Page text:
Shocking Disease: Bangladeshi ‘Tree Man’ Condition Worsens!

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Bangladesh’s ‘tree man’ is back in the hospital. His condition is worsening.
Bangladesh’s ‘tree man’ is back in the hospital. His condition is worsening.

A Bangladeshi man who suffers from an extremely rare genetic disease known as “tree man” syndrome is in headline again as he is back in hospital and faces more surgery after the condition returned after multiple operations in 2016.

He has undergone 25 surgeries since 2016 to remove the large, heavy warts from his hands and feet at the Dhaka Medical College Hospital. However, he has presented himself at the hospital again because the growths have returned again.

“I made a mistake by leaving the hospital. I sought alternative treatment but could not find any. I now understand I should have stayed and continued the treatment here,” Abul Bajandar said.

Bangladesh’s ‘tree man’ is back in the hospital. His condition is worsening.
Image- Representational Purpose

He lived in the hospital’s expensive private cabin with his wife and daughter for nearly two years during his first round of treatment.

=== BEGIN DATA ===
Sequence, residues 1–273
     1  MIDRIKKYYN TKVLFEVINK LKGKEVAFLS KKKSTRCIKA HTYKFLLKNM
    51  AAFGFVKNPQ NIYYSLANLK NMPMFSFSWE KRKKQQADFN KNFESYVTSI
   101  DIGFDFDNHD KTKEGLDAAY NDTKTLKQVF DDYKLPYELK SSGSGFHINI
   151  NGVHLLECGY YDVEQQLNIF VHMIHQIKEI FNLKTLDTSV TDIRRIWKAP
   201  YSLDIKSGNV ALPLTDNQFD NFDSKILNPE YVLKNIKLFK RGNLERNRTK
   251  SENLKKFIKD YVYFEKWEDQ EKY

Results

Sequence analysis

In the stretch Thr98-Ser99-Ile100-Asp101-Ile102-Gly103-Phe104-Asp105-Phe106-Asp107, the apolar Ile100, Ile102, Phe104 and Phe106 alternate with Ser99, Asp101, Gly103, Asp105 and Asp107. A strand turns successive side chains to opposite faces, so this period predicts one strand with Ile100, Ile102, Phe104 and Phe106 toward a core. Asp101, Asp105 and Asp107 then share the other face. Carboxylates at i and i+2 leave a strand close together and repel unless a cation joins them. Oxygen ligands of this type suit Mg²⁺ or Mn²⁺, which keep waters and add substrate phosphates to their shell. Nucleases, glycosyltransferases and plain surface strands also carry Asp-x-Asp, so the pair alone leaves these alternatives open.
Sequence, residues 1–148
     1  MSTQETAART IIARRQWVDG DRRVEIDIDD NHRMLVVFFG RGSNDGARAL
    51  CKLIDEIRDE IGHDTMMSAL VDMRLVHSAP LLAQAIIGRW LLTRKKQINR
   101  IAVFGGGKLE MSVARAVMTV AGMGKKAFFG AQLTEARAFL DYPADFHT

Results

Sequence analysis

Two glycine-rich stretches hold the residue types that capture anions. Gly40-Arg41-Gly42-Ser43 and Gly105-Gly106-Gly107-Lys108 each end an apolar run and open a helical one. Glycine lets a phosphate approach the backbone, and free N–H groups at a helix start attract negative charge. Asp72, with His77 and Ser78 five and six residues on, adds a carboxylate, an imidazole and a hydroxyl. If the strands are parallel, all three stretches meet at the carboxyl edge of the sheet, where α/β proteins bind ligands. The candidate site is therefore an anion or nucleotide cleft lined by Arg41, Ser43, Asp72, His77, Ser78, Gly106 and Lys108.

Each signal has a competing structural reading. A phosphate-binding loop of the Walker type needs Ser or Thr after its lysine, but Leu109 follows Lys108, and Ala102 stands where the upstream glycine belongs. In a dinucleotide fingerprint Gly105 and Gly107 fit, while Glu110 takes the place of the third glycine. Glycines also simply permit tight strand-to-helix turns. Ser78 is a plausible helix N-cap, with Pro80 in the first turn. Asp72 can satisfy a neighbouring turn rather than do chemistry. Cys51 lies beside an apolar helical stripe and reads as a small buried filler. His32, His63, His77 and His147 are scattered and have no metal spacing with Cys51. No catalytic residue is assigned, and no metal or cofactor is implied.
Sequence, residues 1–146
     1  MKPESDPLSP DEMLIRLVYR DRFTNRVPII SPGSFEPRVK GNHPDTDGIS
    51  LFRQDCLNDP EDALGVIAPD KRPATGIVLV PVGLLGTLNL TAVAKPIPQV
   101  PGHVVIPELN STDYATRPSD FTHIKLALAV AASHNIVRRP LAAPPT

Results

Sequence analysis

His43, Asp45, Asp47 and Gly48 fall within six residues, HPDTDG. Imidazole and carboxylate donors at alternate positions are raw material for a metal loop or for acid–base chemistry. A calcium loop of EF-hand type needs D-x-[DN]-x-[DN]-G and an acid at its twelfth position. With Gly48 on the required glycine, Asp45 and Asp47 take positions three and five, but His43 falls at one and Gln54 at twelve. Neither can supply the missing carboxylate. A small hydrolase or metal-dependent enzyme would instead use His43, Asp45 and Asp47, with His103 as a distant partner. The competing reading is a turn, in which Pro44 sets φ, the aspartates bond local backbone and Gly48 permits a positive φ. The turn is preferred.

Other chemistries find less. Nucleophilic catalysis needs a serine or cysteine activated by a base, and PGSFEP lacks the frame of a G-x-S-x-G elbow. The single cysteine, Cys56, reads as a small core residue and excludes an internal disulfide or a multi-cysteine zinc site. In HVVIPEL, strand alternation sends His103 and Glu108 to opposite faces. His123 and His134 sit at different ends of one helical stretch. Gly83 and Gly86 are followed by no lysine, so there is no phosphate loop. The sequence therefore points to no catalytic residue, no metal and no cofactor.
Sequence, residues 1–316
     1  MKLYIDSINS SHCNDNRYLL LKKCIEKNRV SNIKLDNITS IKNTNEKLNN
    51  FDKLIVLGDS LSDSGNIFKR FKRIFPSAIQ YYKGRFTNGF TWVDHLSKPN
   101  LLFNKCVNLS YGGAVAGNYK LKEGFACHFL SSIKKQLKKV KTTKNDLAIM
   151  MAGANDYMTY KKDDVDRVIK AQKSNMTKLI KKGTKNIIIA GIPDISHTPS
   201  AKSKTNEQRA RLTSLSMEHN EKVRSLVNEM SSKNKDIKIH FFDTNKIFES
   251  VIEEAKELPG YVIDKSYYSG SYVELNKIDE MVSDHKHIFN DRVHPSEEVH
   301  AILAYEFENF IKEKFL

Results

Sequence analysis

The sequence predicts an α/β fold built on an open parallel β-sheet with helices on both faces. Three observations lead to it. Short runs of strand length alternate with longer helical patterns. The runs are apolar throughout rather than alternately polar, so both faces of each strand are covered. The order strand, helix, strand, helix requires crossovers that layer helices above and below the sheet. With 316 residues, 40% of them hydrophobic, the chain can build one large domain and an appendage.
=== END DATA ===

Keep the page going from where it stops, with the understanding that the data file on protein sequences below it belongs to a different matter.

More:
The father of one suffers from epidermodysplasia verruciform is, an extremely rare genetic condition also known as “tree-man syndrome”.

Samanta Lal Sen, a plastic surgeon at the hospital, said doctors would resume treatment “very soon”, adding the growths had spread to other parts of his body.

“I requested Bajandar to return as soon as possible. Now we have to start from the very beginning. We’ll have to conduct more surgeries,” Sen told a news agency.

Meanwhile, Prime Minister Sheikh Hasina also promise to provide free treatment for Bajandar after his plight captured the sympathies of the country. Father of one child, he lived in the hospital’s expensive private cabin with his wife and daughter for nearly two years during his first round of treatment.

Plastic surgeon Samanta Lal Sen added that fewer than half a dozen people worldwide have the disease. His hospital also treated a young Bangladeshi girl suffering from the same condition in 2017.

However, while doctors declared her surgery a success in 2017, her father later revealed that her growths had returned in even greater numbers, prompting the family to halt treatment and return to their village.

Before the surgeries, Bajandra could not eat, drink, brush his teeth or take a shower by himself.

“I want to live like a normal person. I just want to be able to hold my daughter properly and hug her,” he told CNN at the time.
In 2017, the surgeries had left him in “very good shape,” enabling him to eat and write using his own hands, Sen told CNN in a previous report, but now more treatment is needed. The government bore the cost of his treatment in 2016 and Sen said this will extend to any new surgeries Bajandra now needs.

(With agency inputs)

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